The use of these questionnaires is not recommended in the current KNGF-CPG Neck Pain.68,69 We prefer to use the PCI and FABQ-DV as prognostic instruments for outcomes of pain intensity and functioning, perhaps accompanied by questionnaires on psychological functioning in relation to cognition and behavior in patients with chronic WAD.89 This is consistent with the importance of transforming the existing model of chronic pain into the clinical management of patients with chronic pain90 in accordance with the best evidence on the management of patients with chronic musculoskeletal pain, particularly patients with neck pain and low back pain.91,92
Only a moderate-to-fair association was observed between the psychological questionnaires as selected process variables and “pain intensity” and “functioning” as outcome variables. This is probably due to a failure of outcome attribution. A possible explanation for this attribution failure is that outcomes (eg, returned to work participation) cannot be unambiguously attributed to the intervention per phase after the WAD-related accident, specifically the (sub)chronic phases. A large part of the multimodal intervention per phase consists of information and explanation about the consequences of the WAD-related accident (phases 1 and 2), and of pain education (phases 3, 4, 5 and 6). The applied educational intervention in the (sub)acute phases provides information on the accident, type of injury, symptomatology, pain physiology, prognosis for recovery, and the relevance of exercise therapy and physical activity. The focus in the (sub)acute phase is on the concept that activities do not result in further damage and therefore these activities prevent chronicity. The content of the applied educational intervention in the (sub)chronic phases consists of an extensive pain education program aimed at changing cognition and behavior. Goals include reassuring the patient, modulating maladaptive cognitions about WAD, and activating the patient. Based on a systematic review,93 available evidence for the use of pain educational sessions in the acute phase is robust. Despite the clinical plausibility of its application, an extensive pain education program during the (sub)chronic phases of WAD is not yet supported by sufficient evidence.91
It would also be reasonable to develop phase-related outcomes to prevent outcome attribution failure. This contrasts with domain-related recommendations for a core set of outcome measurements, in which six core domains of measurement after the WAD-related accident are recommended, but without distinctions per phase.94
The outcomes in our study (ie, pain intensity, functioning and GPE) seem to be suitable for the (sub)acute phases, but less suitable for the (sub)chronic phases. It, therefore, appears that the chosen outcome measurements were less suitable to the majority of patients in our study, as most were classified in (sub)chronic phases. Attribution of outcomes to the goals of the intervention in the (sub)chronic phase after a WAD-related accident could be enhanced by the relationship between process and outcome variables. The next step is to determine the outcome measurements attributed to the interventional content for the (sub)acute and (sub)chronic phases after a WAD-related accident. Psychological variables (ie, fear avoidance, fear of movement, pain cognition, pain behavior and pain catastrophizing) should be considered as candidate outcome measures in patients with persistent pain after a WAD-related accident.89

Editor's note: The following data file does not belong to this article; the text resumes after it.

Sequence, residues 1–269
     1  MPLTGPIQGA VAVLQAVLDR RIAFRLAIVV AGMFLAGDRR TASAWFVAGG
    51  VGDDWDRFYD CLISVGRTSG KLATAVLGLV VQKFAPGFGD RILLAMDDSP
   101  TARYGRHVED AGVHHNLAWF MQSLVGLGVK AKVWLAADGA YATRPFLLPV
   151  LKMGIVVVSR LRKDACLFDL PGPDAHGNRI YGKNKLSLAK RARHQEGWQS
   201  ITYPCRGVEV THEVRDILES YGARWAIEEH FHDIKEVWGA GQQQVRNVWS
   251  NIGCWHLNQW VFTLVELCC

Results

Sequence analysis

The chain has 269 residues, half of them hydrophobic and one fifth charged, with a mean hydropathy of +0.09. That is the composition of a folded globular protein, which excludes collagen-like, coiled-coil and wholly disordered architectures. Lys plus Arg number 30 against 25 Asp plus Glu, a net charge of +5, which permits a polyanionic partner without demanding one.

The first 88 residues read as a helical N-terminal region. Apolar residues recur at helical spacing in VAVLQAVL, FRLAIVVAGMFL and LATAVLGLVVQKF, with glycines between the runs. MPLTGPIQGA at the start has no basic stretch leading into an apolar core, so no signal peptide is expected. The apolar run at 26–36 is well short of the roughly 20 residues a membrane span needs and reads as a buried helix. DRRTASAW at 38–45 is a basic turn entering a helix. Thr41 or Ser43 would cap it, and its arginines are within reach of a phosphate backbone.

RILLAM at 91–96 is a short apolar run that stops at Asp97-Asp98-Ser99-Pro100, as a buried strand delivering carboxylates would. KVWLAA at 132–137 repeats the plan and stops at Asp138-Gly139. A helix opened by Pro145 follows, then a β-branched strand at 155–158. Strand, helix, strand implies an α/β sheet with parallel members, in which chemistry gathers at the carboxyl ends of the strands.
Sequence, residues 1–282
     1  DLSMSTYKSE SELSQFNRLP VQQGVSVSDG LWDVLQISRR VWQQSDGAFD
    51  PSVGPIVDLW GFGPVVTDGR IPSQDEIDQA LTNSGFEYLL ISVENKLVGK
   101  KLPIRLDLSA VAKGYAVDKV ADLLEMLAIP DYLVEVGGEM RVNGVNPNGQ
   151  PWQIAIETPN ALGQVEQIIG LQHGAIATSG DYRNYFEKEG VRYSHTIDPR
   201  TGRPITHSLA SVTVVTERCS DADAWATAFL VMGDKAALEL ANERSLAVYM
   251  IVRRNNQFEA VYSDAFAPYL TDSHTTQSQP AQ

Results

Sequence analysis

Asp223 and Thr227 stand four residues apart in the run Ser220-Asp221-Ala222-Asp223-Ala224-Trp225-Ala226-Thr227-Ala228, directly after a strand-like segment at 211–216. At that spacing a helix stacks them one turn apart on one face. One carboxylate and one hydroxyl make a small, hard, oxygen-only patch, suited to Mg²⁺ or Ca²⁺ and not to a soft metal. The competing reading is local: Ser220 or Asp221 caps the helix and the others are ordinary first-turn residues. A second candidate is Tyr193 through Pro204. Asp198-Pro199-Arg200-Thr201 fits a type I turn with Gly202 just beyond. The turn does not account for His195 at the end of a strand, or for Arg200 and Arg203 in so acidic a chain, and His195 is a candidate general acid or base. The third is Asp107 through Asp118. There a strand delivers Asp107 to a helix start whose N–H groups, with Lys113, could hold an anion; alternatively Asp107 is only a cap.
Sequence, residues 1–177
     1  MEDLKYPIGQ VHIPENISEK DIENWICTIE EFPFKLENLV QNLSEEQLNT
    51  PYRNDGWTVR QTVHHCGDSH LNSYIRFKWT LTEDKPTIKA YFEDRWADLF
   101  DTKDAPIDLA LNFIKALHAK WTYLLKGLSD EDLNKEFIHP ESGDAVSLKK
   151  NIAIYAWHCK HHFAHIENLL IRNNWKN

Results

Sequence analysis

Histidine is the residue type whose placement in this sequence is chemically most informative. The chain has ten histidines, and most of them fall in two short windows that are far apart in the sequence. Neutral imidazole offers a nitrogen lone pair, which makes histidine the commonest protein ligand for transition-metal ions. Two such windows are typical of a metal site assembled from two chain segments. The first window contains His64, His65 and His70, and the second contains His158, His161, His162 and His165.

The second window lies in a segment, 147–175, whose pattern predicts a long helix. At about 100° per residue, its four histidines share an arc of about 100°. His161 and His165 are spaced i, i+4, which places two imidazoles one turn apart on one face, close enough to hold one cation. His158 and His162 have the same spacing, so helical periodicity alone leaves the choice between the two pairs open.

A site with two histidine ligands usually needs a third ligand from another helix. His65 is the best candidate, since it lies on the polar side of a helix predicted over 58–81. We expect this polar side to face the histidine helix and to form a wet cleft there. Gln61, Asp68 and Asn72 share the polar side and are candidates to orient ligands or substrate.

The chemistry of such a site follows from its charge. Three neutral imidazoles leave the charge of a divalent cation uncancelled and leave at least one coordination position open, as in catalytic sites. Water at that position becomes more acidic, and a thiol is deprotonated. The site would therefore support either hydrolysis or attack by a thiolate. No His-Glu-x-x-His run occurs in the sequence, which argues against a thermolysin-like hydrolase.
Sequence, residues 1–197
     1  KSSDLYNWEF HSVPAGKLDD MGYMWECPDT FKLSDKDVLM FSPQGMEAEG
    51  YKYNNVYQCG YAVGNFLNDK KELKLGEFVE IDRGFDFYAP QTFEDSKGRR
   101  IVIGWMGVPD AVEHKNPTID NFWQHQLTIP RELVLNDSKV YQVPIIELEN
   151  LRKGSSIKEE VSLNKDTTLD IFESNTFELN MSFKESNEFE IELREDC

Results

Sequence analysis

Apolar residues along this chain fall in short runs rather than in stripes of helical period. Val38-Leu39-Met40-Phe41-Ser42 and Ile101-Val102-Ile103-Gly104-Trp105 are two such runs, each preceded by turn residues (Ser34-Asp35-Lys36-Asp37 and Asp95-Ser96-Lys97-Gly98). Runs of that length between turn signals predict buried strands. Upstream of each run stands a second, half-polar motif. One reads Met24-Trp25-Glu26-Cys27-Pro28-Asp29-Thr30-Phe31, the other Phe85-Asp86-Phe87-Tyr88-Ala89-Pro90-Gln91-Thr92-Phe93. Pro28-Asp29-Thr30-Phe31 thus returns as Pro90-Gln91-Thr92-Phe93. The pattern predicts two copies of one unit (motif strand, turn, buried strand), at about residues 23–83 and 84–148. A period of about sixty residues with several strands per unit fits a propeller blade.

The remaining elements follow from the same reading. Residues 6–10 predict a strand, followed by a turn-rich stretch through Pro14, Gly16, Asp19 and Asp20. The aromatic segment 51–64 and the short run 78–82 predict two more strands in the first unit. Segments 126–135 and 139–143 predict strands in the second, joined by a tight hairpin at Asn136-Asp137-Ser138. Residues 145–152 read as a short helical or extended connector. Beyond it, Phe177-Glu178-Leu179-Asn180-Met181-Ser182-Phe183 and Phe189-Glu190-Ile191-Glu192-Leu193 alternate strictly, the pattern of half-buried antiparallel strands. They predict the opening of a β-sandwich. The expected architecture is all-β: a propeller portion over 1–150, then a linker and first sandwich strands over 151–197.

Suitability of Donabedian’s Model
Due to the absence of a professional standard for patient records, we developed a pen and paper patient record that described the steps of clinical reasoning, modeling it on the first draft of the Dutch CPG Physiotherapy Documentation in 1993,2 with update in 2011,95 and on the Quebec Task Force on Whiplash-Associated Disorders in 1995,43 and on the first draft of the Dutch CPG Physiotherapy and Whiplash in 2001.41 Guideline-based patient records typically have a positive impact on healthcare processes and outcomes,96 and high-quality patient documentation is a prerequisite for using RCD for research purposes.38
Donabedian’s model, combined with clinically relevant and context-related variables, has proven helpful in the reclassification and reformulation of patient records around clinical reasoning-related context, process, and outcome indicators, and has provided insight into the mutual associations of these indicators. The associations in our study ranged from “fair” to “moderate”. As mentioned in the introduction, we have not found comparable physiotherapy studies in patients with WAD. The relationships between process and outcome in comparable studies (for instance in stroke care,34 chronic disease management32 and diabetes networks31) were “weak” to “substantial”, depending on the constructs of variables.
Our original expectation was that the correlation coefficients between the context, process, and outcome associations would be higher. The interpretation of correlation coefficients is, therefore, an interesting point of discussion. The current internationally accepted steps of clinical reasoning for physiotherapy provides opportunities to select from a range of diagnostic and therapeutic options, and from outcomes with different constructs. Depending on the constructs of history taking (context), diagnostic tests and treatment (process) and outcome measurements (outcome), a range of features can be described, including WAD-related accident and mechanisms, time frames, body functions and structures, activities and participation, contextual factors, signs, symptoms, chronicity, behavior and expectations, treatment modalities, and last but not least, outcome measurements. Many WAD-related reviews call for further research to identify who does or does not respond to physiotherapy treatment. Currently, there is no consensus on patient assessment and management after WAD-related accident. Achieving consensus will require coordination between context, process and outcome constructs in order to determine optimal associations. The theory underlying Donabedian’s model would be a suitable platform on which to base this process of coordination.